truly goes away. In other words, it's not a clone, it's two pointers
to the same single object.

I would've posted real code, but (1) my class hierarchies are
hydra-like, huge, and impossible, and (2) I am more interested in the
theoretical wrongheadedness of why Access/VBA doesn't do this properly,
and (less importantly) if this is common to classes in other
programming environments. Besides, Albert nailed it with his simple
addition to Terry's code: change one, you change the other, meaning
there's one, not two. Still a slightly different question from why
public instances of the same class collection can't be set to equal
each other, but the two phenomena must be linked; if you could make a
proper clone of an instance, then you could reasonably expect to make a
proper clone of a part of an instance.

Is this different from working with, say, two string variables, or is
it all just pointers? At what point does something really get
"created"?
Albert D. Kallal wrote:
In place of the = nothing...try changing the value of one of the
objects....you will see that the other changes....

eg:

Set MyFoo2 = MyFoo1
Debug.Print MyFoo1.Count, MyFoo2.Count

MyFoo1.Add MyObj <--- add this

Set MyFoo1 = Nothing

Debug.Print MyFoo2.Count
Set MyFoo2 = Nothing

you will get a value of 11 for the above last print....despite the first
object being set = nothing...

When you set MyFoo1 = nothing...you are killing the pointer...but they both
are still the same copy.....

Try adding one value to the first one BEFORE you do a set MyFoo1 =
nothing...and you will STILL find the 2nd instance will have that new
value...

You have to write code to copy the class......

--
Albert D. Kallal (Access MVP)
Edmonton, Alberta Canada
pl*****************@msn.com
http://www.members.shaw.ca/AlbertKallal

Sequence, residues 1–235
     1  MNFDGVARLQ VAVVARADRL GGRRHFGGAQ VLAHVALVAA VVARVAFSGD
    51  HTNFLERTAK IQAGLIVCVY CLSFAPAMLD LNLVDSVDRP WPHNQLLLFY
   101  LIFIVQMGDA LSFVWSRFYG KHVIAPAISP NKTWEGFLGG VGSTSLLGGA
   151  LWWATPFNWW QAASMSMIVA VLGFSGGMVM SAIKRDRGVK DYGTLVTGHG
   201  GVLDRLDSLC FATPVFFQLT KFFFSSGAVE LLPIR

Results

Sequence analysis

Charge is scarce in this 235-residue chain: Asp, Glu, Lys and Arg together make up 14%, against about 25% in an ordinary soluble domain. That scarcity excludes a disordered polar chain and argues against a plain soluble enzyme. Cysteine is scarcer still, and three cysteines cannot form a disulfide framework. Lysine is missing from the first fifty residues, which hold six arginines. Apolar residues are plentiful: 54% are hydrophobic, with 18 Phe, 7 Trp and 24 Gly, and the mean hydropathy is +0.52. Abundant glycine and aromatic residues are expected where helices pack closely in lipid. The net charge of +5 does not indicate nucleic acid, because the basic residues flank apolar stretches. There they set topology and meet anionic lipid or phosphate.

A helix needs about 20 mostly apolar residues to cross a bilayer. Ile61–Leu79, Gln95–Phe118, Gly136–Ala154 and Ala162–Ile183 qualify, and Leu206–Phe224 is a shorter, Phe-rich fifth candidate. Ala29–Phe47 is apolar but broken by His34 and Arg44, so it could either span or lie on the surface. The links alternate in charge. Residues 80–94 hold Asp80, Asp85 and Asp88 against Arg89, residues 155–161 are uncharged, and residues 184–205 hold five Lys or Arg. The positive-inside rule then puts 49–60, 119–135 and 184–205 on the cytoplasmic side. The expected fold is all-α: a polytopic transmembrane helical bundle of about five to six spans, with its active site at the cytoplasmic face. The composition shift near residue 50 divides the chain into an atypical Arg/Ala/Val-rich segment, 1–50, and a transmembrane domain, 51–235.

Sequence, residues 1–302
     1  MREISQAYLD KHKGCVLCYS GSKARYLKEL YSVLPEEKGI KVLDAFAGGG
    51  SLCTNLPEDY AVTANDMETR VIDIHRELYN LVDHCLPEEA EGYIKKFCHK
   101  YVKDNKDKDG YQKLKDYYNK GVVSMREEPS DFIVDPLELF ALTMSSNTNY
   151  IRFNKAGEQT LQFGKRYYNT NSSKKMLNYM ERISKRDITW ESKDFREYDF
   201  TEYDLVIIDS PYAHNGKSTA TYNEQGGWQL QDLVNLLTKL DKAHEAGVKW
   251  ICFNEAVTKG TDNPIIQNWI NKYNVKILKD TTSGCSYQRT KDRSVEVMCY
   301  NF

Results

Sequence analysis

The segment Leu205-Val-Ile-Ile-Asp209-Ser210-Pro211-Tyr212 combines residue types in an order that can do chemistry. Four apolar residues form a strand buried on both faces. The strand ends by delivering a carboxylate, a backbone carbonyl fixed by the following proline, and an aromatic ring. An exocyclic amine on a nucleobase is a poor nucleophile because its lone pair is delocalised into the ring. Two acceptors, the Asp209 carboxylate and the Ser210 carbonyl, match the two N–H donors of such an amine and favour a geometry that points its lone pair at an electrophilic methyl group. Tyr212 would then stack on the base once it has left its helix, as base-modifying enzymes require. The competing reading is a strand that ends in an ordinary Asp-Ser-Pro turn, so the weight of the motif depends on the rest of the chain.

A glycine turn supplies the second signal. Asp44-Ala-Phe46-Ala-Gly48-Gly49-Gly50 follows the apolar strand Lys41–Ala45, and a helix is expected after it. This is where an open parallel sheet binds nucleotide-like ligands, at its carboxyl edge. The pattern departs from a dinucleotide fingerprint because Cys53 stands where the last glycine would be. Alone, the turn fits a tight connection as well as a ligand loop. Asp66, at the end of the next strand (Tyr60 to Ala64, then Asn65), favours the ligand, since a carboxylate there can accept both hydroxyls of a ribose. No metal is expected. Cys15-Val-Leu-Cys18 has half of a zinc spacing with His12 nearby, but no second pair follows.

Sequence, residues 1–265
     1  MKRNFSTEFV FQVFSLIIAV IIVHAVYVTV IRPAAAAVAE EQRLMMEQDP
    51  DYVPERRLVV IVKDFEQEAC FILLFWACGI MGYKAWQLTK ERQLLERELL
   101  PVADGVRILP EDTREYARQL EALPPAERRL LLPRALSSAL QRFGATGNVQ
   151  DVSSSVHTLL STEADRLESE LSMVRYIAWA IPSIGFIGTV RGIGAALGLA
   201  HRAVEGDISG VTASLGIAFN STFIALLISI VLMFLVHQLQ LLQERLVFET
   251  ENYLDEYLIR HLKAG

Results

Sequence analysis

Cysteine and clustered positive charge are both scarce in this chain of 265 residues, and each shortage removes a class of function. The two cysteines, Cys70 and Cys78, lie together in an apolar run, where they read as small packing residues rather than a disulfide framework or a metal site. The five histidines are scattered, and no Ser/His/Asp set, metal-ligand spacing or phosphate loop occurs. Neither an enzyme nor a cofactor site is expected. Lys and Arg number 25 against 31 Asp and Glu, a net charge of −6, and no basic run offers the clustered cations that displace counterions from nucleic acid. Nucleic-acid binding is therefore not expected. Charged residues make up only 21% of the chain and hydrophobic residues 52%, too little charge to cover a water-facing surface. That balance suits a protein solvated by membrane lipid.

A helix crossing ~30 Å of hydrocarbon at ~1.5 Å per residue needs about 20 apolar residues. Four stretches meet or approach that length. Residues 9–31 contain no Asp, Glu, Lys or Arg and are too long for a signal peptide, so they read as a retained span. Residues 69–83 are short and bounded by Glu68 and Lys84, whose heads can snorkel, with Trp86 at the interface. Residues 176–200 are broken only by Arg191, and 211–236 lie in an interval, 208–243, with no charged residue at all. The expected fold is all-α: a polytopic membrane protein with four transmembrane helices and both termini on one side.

Apr 15 '06 #6

P: n/a
rkc
downwitch wrote:
This is the point. The other posts don't show the key thing here,
which is that even though you can set an Instance2 to _point to_ an
Instance1, it's not because you say "make Instance1 nothing" that it
truly goes away. In other words, it's not a clone, it's two pointers
to the same single object.

I would've posted real code, but (1) my class hierarchies are
hydra-like, huge, and impossible, and (2) I am more interested in the
theoretical wrongheadedness of why Access/VBA doesn't do this properly,
and (less importantly) if this is common to classes in other
programming environments. Besides, Albert nailed it with his simple
addition to Terry's code: change one, you change the other, meaning
there's one, not two. Still a slightly different question from why
public instances of the same class collection can't be set to equal
each other, but the two phenomena must be linked; if you could make a
proper clone of an instance, then you could reasonably expect to make a
proper clone of a part of an instance.

Is this different from working with, say, two string variables, or is
it all just pointers? At what point does something really get
"created"?


I did completely miss your actual question.
In Visual Basic/VBA there is no built into the language way
of creating an independent clone of an object. You have to
do what you don't think you should have to do. That is to copy
the actual base data piece by piece.

You can ponder it till the end of time, but that's the way it is.

Apr 15 '06 #7

P: n/a
>if this is common to classes in other
programming environments.

Yes, it is common to true object programming environments. You often have to
still write a clone method, but the properties and methods of the object
*usually* can be un-corked out to a serialized string that can be saved (in
fact, we call this serialization). It is this "string" of data that can
then be loaded back into the object.

This gives two benefits.

you can actually "save" the state of the object to your hard disk..and
next time you run the program...re-load the object. Thus, you can actually
use objects, and save them to a database, or even a file on hard disk.